I also made an idiot out of myself in the “Shadow Monsters” interactive installation. As you move various parts of your body at various speeds, your projected shadow is transformed into a variety of monstrous forms. It’s pretty addictive but, man, I was little disappointed that I couldn’t get a decent shot of my monstrous shadow. I would have frightened you.
I knew I had to write something in response to A. O. Scott’s Sunday New York Times piece about all the movies out right now which give an insider’s perspective on industries that we find fascinating. Moneyball and Margin Call were two of the films that inspired him to write about our perennial interest in lifting the veil and seeing what’s really going on inside baseball and Wall Street.
I don’t think the irony was lost on Scott that we like to turn to pieces of fiction in order to get the real story. And some poststructuralist scholars might tell you it’s as good a place as any to look for the truth. But I don’t think that Scott went as far as he could in establishing the tremendous power that commercial storytelling has in influencing individual attitudes and, if it’s enough of a cultural juggernaut, public opinion. We may not care to admit the degree to which our knowledge of the Holocaust, for instance, is dependent on Hollywood’s depiction of it, but often these well-produced, tightly scripted fictional narratives can do more than entertain us for a couple hours, they can fill in the blanks in our knowledge. Just think about how much you learned about global pandemics in Contagion, cancer in 50/50, the founding of Facebook in Social Network and Jim Crow in The Help… Read the rest of this entry »
Soon after presidential candidate Michele Bachman pronounced the new cervical cancer vaccine “dangerous,” public health officials began shaking their collective heads.
One expert from the American Academy of Pediatrics, which supports the use of the vaccine, told the New York Times, “These things always set you back about three years.”
Pronouncements on screens large and small by recognizable people — whether they are actors, musicians, politicians or the growing ranks of reality TV celebrities — can have an impact on public opinion completely out of proportion with their expertise.
Whether its history or science, that’s one reason people get very nervous about feature films — fictional films — that try to grapple with real-life issues and events. There has been a flurry of news coverage about the accuracy of the hit film Contagion, which provides a gripping illustration of what could happen if a global pandemic occurred. Read the rest of this entry »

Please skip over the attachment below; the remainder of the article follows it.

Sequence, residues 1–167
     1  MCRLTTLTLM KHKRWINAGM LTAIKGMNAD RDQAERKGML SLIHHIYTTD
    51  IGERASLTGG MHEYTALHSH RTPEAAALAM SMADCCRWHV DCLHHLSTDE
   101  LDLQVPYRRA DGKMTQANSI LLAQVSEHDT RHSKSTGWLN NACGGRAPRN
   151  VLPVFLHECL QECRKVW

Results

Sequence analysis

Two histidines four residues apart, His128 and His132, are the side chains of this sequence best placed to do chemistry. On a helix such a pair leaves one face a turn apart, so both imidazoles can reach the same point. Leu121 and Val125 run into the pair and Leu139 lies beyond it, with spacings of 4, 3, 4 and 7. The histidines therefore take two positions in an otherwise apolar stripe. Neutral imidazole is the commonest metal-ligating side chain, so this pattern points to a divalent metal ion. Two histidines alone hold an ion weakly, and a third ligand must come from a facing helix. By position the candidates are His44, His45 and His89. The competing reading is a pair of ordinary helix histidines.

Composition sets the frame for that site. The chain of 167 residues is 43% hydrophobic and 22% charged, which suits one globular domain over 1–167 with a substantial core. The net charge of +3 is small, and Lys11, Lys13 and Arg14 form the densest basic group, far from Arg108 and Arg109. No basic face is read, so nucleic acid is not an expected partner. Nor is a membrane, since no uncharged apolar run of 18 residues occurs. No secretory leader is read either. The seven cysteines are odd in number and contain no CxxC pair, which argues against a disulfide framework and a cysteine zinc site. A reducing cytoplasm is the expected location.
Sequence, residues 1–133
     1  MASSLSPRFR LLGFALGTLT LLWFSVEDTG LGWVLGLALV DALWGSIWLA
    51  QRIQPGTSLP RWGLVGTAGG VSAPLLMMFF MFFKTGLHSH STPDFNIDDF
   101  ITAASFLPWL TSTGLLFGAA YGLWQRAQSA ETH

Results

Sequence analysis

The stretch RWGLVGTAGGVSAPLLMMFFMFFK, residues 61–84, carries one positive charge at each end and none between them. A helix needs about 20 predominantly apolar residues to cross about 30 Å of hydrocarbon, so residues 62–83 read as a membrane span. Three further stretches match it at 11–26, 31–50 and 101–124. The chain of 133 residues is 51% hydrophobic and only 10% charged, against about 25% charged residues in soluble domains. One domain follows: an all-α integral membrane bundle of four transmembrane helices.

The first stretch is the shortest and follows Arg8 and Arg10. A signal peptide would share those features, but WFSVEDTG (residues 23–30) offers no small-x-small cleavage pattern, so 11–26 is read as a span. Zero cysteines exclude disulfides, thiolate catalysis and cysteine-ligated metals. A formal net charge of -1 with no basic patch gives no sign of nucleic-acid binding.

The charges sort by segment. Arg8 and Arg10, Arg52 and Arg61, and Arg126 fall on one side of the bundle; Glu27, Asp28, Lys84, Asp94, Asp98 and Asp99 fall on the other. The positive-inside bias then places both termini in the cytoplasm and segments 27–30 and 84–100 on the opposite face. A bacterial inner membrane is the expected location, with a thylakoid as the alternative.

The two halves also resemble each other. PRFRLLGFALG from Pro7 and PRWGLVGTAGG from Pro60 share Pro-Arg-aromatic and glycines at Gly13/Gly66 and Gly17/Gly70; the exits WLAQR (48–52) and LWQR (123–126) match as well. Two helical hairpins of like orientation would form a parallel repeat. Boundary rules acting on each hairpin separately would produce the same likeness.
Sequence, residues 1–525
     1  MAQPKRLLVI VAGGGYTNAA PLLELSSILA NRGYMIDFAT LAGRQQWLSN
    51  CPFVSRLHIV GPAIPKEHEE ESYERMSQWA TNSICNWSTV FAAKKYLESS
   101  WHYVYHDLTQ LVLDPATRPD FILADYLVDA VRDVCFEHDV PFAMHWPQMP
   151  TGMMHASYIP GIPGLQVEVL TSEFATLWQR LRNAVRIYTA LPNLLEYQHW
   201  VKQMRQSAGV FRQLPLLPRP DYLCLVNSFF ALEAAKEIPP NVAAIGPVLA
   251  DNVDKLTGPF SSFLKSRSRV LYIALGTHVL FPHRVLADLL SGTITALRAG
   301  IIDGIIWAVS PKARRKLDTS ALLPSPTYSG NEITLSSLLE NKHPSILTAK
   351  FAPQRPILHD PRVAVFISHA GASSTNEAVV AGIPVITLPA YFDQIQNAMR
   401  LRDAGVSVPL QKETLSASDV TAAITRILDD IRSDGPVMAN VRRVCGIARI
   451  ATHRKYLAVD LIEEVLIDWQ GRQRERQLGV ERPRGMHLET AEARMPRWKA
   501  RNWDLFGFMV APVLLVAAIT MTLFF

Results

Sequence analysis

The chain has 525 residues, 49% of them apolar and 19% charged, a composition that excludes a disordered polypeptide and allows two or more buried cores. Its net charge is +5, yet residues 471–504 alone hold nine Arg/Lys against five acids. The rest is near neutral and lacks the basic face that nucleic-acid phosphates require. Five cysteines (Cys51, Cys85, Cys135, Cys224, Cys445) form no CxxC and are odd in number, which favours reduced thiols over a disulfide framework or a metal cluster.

In April of this year, I attended Fractal’11, a truly unique conference in Medellin, Colombia, that explored the convergence of fiction, art, science and technology. The event was the perfect forum for me to talk about my winding career path, which began in an English PhD program, meandered through a Web start-up and an international multimedia company and deposited me, quite happily at the Norman Lear Center.
One of the many fascinating themes of the conference (I explored several others here) was the appeal of infotainment, material that serves two seemingly unrelated purposes: to occupy attention agreeably (as the Oxford English Dictionary defines “entertainment”) and to transmit practical information that may just contribute to your survival.
My talk about Entertainment as Virtual Reality focused on the ways in which entertainment – catchy pop songs, video games, movies, opera, toys, etc. – could be understood as simulations, little virtual reality machines that allow us to test our ideas about the world in safe, artificial spaces. Regardless of how distracting a cultural object may be, it is also a powerful transmitter of information about our world, and it can have a surprisingly profound impact on our lives well outside the movie theater, concert hall or American Girls store. Read the rest of this entry »
My seventeen year-old cat died a week and a half ago and so I found myself in need of some cinema therapy.
I’ve always argued that people who think of entertainment as simply escapist fare are not being honest with themselves. Yes, we use entertainment in order to check-out of our present situations, but, quite inevitably, we step into another world, one with some pretty clear connections to the world we live in, and we can’t help but use the time we spend in those virtual realities (like movies and games and concerts) to test some of the premises that guide our lives outside the cineplex, game or concert hall.
Sex and death are the bread and butter of compelling storytelling, from The Odyssey to Avatar. That tradition takes on new hues in Beginners, the new film by Mike Mills that features a thoroughly beguiling performance by Christopher Plummer, who plays a man in his mid-seventies who comes out as gay. Through constantly shifting chronologies and flash backs, the film addresses his sexual awakening and his imminent death simultaneously, making both more poignant. We’re not allowed for one moment to think that this film isn’t about death (his son, played by Ewan McGregor, is packing up his father’s house as the film opens), but in my melancholic state, it was oddly comforting. I realized that what I was longing to escape from was not the subject of death, but my lonely slog through it. It was a relief not only to see other people grappling with it on screen, but to be among 100 strangers in a room who were going through the emotional obstacle course with me. Read the rest of this entry »